Mountain Alder is a large shrub or small deciduous tree with shallow lobed leaves that are green on top and pale and hairy below. They have distinct egg shaped cones that are very small in size. Alder leaves are easily spotted in fall because they stay green through until late in the season.
|Alnus incana ssp. tenuifolia
|Height and Spread
|2 – 10 m tall.
|2 – 4 m in spread.
|Mountain Alder have small inconspicuous catkins that develop before the leaves in early spring.
|Green on top and pale and hair below leaves.
|Seeds mature in late fall and remain attached.
|Light and Water
|Generally grows in partially shaded areas.
|Grows well in wet areas – typically along streams, ponds, lakes, or swamps.
|Mountain Alder has traditionally been considered one of the best plants for smoking and drying salmon because it doesn’t have pitch and does not flavour the food.
|Mountain Alder is generally of low value as browse for larger wildlife, though some deer have been known to eat it. Due to its thick foliage it can provide cover for many species of wildlife.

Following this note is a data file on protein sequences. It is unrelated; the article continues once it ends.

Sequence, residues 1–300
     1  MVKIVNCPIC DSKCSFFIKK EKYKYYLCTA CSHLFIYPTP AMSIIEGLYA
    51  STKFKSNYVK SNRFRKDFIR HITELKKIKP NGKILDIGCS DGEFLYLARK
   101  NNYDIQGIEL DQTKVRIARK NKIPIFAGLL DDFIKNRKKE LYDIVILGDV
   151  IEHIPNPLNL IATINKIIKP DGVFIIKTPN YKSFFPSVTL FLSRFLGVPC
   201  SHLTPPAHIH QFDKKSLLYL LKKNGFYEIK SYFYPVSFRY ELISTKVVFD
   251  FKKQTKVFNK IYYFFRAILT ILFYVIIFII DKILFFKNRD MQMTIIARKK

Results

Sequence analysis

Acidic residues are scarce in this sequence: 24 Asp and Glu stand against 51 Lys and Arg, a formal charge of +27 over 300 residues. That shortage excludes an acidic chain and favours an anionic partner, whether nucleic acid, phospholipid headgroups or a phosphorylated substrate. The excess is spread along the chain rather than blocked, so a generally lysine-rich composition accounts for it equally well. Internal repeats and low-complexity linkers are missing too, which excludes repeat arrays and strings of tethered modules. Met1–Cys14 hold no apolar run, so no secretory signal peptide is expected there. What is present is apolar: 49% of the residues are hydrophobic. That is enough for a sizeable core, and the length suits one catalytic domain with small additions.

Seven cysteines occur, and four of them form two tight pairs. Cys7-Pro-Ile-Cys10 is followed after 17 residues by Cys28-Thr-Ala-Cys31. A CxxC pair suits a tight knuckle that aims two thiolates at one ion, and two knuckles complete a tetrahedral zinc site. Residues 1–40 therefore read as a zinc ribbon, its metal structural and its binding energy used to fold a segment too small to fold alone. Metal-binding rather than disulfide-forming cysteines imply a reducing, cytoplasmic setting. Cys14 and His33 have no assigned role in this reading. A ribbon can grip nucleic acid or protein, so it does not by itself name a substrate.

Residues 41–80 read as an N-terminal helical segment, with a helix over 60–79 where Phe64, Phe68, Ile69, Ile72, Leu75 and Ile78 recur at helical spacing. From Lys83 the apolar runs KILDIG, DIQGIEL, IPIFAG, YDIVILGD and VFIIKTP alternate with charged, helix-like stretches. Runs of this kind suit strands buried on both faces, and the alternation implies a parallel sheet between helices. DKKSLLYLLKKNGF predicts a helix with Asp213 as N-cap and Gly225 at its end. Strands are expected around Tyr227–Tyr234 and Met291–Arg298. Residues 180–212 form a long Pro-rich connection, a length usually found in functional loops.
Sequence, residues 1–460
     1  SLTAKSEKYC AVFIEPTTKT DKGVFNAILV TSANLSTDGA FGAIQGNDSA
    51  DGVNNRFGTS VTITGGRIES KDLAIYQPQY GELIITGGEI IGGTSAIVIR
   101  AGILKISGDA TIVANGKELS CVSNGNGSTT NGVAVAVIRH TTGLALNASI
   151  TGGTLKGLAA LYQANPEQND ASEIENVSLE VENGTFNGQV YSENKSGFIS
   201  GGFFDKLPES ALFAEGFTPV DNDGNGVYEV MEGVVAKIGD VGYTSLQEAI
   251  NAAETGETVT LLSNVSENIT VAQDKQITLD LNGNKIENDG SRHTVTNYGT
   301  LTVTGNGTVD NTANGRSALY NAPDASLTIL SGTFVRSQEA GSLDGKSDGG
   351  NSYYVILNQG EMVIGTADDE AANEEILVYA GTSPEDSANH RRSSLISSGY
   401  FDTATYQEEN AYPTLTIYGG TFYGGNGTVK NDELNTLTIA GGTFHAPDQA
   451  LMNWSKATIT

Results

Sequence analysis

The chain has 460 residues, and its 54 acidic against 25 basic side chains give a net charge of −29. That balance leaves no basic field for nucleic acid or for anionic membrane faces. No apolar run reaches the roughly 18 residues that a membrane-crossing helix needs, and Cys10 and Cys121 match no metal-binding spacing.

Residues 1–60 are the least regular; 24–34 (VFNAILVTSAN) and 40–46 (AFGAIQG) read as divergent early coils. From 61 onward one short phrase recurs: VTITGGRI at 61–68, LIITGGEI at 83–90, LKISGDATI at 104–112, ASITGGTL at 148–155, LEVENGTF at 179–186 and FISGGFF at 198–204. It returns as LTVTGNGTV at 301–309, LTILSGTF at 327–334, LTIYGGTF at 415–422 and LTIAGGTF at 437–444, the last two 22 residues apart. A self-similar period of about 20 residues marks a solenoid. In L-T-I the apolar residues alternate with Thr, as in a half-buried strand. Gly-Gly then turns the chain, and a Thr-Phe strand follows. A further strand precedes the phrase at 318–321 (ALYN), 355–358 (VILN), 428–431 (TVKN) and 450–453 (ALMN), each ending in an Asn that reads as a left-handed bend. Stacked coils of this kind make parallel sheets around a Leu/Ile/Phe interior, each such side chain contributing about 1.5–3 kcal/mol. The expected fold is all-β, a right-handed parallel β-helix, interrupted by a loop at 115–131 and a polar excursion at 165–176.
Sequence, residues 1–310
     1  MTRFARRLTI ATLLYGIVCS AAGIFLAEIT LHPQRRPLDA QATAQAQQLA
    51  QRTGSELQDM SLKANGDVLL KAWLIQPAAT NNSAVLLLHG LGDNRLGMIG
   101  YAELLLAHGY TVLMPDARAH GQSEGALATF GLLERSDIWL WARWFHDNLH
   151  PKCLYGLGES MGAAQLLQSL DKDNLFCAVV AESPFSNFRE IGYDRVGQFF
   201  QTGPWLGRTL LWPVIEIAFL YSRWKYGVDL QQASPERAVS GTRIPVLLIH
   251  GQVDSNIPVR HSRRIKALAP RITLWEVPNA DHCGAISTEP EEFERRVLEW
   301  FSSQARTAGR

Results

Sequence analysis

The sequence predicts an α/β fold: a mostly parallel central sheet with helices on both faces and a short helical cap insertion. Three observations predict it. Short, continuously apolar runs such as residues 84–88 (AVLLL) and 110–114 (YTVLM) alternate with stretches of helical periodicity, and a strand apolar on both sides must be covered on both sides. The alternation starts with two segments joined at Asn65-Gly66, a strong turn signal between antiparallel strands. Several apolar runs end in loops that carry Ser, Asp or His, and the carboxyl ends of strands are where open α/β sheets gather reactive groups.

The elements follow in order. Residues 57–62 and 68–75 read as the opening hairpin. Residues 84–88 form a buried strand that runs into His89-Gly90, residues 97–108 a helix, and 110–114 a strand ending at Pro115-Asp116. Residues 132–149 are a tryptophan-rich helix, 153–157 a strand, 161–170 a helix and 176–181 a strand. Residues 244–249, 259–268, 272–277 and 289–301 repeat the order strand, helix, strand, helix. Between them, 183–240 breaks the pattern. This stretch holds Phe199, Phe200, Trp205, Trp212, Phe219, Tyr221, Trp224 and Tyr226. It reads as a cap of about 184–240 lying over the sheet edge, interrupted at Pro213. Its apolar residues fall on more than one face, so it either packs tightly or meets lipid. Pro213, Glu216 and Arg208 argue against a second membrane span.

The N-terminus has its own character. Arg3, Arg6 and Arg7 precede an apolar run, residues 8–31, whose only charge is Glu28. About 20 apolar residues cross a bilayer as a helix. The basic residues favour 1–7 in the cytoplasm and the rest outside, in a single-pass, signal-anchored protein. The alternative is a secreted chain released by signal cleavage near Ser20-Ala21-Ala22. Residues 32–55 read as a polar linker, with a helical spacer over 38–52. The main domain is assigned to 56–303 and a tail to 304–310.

|In a garden setting Mountain Alder can be used near water features such as ponds for best growing conditions. They also prefer somewhat shaded areas, particularly before becoming established. With their thick foliage and small beautiful cones, Mountain Alder make a great addition to a garden or landscaped area.
|Mountain Alder can be very beneficial for damaged soil because it is a nitrogen fixing plant. This occurs through nodes in the roots. For this reason it is sometimes used for reforestation projects.
|Propagation of Mountain Alder, like many other shrubs and small trees, can be done by either seed or cuttings. The seed is best planted soon after it matures in late fall.